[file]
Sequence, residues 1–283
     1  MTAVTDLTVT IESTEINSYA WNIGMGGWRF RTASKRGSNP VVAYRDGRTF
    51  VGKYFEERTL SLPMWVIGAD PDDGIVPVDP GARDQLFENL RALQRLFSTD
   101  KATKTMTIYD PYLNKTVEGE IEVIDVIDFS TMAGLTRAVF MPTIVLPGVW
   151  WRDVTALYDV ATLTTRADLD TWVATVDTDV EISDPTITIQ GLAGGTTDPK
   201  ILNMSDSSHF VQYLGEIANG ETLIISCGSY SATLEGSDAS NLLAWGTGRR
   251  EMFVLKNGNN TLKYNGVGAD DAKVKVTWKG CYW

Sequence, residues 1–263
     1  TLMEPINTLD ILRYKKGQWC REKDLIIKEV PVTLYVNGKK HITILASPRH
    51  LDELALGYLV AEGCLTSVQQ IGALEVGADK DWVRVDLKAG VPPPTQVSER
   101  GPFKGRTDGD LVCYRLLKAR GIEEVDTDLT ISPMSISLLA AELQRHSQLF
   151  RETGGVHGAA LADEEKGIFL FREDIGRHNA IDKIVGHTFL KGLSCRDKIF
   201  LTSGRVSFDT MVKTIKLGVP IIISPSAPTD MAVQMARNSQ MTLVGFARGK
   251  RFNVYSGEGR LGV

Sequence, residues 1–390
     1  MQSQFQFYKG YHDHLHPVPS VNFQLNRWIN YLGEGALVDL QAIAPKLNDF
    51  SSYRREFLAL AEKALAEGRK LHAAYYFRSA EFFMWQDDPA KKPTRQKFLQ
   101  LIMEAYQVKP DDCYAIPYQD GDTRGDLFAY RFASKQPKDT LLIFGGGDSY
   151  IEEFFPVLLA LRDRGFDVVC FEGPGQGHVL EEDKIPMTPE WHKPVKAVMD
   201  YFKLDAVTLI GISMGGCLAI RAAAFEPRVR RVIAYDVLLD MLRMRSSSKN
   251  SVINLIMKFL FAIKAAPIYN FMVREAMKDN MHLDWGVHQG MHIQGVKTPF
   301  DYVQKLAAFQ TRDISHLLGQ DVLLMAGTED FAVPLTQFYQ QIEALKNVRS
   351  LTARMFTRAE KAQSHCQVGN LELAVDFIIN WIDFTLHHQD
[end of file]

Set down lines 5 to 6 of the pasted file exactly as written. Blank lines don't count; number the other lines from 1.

   151  WRDVTALYDV ATLTTRADLD TWVATVDTDV EISDPTITIQ GLAGGTTDPK
   201  ILNMSDSSHF VQYLGEIANG ETLIISCGSY SATLEGSDAS NLLAWGTGRR